Determination of lipid oxidation products in vegetable oils and marine omega-3 supplements
AbstractBackground: There is convincing evidence that replacing dietary saturated fats with polyunsaturated fats (PUFA) decreases risk of cardiovascular diseases. Therefore, PUFA rich foods such as vegetable oils, fatty fish, and marine omega-3 supplements are recommended. However, PUFA are easily oxidizable and there is concern about possible negative health effects from intake of oxidized lipids. Little is known about the degree of lipid oxidation in such products. Objective: To assess the content of lipid oxidation products in a large selection of vegetable oils and marine omega-3 supplements available in Norway. Both fresh and heated vegetable oils were studied. Design: A large selection of commercially available vegetable oils and marine omega-3 supplements was purchased from grocery stores, pharmacies, and health food stores in Norway. The content of lipid oxidation products were measured as peroxide value and alkenal concentration. Twelve different vegetable oils were heated for a temperature (225°C) and time (25 minutes) resembling conditions typically used during cooking. Results: The peroxide values were in the range 1.04-10.38 meq/kg for omega-3 supplements and in the range 0.60-5.33 meq/kg for fresh vegetable oils. The concentration range of alkenals was 158.23-932.19 nmol/mL for omega-3 supplements and 33.24-119.04 nmol/mL for vegetable oils. After heating, a 2.9-11.2 fold increase in alkenal concentration was observed for vegetable oils. Conclusions: The contents of hydroperoxides and alkenals in omega-3 supplements are higher than in vegetable oils. After heating vegetable oils, a large increase in alkenal concentration was observed.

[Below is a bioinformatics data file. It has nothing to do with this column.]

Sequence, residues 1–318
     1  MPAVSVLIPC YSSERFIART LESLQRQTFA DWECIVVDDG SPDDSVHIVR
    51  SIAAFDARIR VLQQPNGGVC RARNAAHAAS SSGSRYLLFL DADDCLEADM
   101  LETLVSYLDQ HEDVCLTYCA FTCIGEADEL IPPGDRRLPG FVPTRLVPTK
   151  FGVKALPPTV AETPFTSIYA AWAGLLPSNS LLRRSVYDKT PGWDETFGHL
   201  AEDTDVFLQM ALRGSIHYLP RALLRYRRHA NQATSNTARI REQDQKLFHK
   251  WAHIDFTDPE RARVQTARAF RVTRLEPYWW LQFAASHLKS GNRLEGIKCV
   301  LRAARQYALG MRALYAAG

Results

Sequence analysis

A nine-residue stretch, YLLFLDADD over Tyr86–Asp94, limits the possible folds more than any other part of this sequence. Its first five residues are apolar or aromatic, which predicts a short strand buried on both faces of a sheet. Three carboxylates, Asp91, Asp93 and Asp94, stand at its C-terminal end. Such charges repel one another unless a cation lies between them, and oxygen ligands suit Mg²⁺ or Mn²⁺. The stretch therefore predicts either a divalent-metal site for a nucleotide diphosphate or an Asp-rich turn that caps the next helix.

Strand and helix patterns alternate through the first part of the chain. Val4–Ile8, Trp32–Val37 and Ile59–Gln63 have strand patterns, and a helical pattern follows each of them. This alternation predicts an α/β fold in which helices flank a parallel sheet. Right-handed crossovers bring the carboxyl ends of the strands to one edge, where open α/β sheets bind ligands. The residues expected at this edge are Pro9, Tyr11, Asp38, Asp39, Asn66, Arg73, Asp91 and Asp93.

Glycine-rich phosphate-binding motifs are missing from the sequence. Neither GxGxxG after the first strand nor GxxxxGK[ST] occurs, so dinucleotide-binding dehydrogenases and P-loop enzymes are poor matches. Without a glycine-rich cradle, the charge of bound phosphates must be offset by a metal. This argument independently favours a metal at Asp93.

Keywords: lipid oxidation; commercially available; vegetable oils; marine omega-3 supplements; screening; peroxide value; alkenal concentration
(Published: 10 June 2011)
Citation: Food & Nutrition Research 2011. 55, 5792 - DOI: 10.3402/fnr.v55i0.5792
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Authors retain copyright of their work, with first publication rights granted to SNF Swedish Nutrition Foundation.